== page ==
Google has recently opened up some space for posts on Google Maps.
What would happen to your business if you suddenly lost half of your potential customers?
This is exactly what might happen in April when Google releases an update focused on mobile friendly websites.
From the blog:
"This change will affect mobile searches in all languages worldwide and will have a significant impact in our search results. Consequently, users will find it easier to get relevant, high quality search results that are optimized for their devices."
Over the last 12 to 18 months there have been numerous changes in the online marketing landscape. The majority of this change has been driven by Google as it endeavours to clean up a number of "fringe" SEO techniques that have been used to unfairly promote the search rankings of some businesses over others.
Internet access from mobile devices is constantly increasing in Australia and in many other markets. Almost 69% consumers of the age group 25 to 34 go online with their mobile phones or tablets to send emails, connect with friends or shop online. That's a lot of people who are transferring their shopping experience from their desktop PCs to their iPhones, Android phones or iPads or other tablets. Are you ready for your mobile customers?
We find that many business owners are confused about where to start with optimising their websites, and not only are there a raft of online marketing activities that play a part in ensuring a website ranks well, there’s also plenty of conflicting advice going around.
Last week, the Google Hummingbird update was announced, and rather than just a normal algorithm update, this is a complete rewrite of the core ranking engine. The update heralds a fundamental change in online search that will impact on search for years to come; find out what you need to know about this update and how it might affect you.
“SEO is the process of improving the visibility of a website or web page in a search engine’s unpaid or ‘organic’ search results”
A beginners guide to SEO.
Search engine optimisation is a topic that is a mystery to many small business website owners and, given its reputation as a “dark art”, one that many choose not to engage with.
However, I read a very good analogy on another website recently, if you build a great website and then don’t bother to get it ranked on search engines, it’s a bit like having a beautiful brochure designed and printed, and then just locking them away in a cupboard!
The content of this blog have been drawn from one of our eBooks on SEO, and while I’ll publish the book in sections on the blog, I’ll link to it at the end of the blog if you’d like to download the whole eBook.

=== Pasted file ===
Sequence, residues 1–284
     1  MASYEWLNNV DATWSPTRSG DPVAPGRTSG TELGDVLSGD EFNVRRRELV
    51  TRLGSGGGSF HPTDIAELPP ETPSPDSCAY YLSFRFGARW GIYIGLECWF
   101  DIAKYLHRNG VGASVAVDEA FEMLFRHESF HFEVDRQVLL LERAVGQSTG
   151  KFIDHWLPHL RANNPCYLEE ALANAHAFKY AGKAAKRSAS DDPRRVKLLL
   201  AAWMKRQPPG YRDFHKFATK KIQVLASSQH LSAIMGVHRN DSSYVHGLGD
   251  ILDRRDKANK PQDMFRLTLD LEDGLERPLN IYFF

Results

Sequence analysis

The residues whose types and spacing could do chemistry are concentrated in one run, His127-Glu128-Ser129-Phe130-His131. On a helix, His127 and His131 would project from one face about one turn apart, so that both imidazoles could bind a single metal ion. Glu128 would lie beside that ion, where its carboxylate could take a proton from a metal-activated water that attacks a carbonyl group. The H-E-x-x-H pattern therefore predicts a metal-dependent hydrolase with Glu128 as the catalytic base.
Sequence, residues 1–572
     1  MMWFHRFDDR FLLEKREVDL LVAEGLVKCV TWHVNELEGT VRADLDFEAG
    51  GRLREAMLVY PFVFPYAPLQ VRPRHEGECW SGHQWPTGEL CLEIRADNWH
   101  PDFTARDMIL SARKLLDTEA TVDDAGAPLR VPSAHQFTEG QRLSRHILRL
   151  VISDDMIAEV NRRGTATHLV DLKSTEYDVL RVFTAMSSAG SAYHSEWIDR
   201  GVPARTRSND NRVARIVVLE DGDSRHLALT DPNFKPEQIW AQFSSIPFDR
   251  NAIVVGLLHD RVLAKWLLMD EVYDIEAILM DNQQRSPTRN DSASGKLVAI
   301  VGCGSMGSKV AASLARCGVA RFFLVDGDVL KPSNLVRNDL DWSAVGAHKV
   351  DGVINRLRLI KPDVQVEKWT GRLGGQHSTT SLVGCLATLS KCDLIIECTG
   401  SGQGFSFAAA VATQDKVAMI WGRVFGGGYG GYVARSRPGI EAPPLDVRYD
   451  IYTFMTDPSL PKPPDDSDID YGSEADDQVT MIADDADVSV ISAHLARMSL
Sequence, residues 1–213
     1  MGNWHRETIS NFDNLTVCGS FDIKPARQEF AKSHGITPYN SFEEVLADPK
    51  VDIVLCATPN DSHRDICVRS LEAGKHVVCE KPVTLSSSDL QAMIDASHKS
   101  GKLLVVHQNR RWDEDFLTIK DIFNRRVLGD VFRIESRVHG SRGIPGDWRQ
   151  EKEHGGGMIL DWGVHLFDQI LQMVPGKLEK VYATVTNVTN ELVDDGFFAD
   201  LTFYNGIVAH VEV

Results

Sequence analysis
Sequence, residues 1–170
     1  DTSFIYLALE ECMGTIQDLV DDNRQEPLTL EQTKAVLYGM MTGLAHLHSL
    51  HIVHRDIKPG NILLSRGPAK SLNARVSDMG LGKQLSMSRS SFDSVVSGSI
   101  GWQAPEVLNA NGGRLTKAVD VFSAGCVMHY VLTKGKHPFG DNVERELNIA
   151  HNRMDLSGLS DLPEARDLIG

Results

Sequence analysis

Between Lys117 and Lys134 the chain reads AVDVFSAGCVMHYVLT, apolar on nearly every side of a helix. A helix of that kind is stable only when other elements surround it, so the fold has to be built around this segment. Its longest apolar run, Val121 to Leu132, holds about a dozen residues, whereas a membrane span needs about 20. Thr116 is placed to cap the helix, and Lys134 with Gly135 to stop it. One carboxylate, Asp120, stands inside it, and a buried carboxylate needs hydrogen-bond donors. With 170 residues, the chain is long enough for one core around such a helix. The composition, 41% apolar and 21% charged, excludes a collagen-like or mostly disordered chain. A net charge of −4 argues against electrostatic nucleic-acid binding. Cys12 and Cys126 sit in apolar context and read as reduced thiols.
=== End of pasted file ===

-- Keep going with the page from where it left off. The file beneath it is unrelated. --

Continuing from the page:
Search engine optimisation (SEO) is an ever evolving discipline and Google regularly updates its search alogrithm to provide the most relevant and useful search results. As a consequence we, along with other SEO specialists, are constantly researching and reviewing changes in the SEO landscape to provide the best possible outcome for our clients.
Today Google confirmed that Penguin 4, with the new Penguin 2.0 algorithm, is now being rolled out.
Google website ranking and search engine optimisation are often seen as mysterious crafts that are impenetrable to all but the geekiest amongst us. However, I came across a resource from Google recently called “How Search Works” that explains in very easy to understand terms many of the important considerations in ensuring your website ranks well.
Although inspired by Apple's keynote delivery yesterday, this article is all about lost SEO opportunities and how you can rectify your website and store with ease.
Last week we talked about using your product descriptions as a selling tool. One thing that is often overlooked though is the role that the snippets presented in the search results have in getting customers to your site. If the text that you use for your descriptions doesn’t grab the customers’ attention, they will immediately move to the next result and they might never get to see what you have to offer on your site.
A client asked me this week if there was an easier, softer way of optimising their online store without having to go through the time and expense of a “full blown” SEO campaign. The answer depends on who you speak to, I guess. But if you step outside the comprehensive umbrella that encapsulates SEO, there may well be an “easier, softer way” to approach website optimisation.
4 months in, let’s take a look at how Google "Panda" is penalising sites that feature scraped and duplicate content. Contrary to Panda’s announcement earlier this year and the publicity surrounding it, I still see long-established web sites that have chosen to ignore Panda; I guess some businesses see Panda as hyperbole. Well, hyperbole it isn’t, and the sites I view are slipping in search results. But it needn’t happen.
Even if you feel you don’t have a broad understanding of SEO keyword research, most people can say that they’re at least familiar with the term ‘keyword’. However, it’s the use of keywords on a web site and how to choose keywords that many people still don’t understand.
In my last blog we looked at the question of which was more important, web design or SEO (Search Engine Optimisation)? and in this blog we start to discuss the question: How do I make my site more SEO effective? In my last blog I also touched on the need for planning and for your involvement as a site owner in both the design and Search Engine Optimisation process. I've had a couple of questions about that so today we'll expand a little on the need for planning for SEO when building or redeveloping a website.
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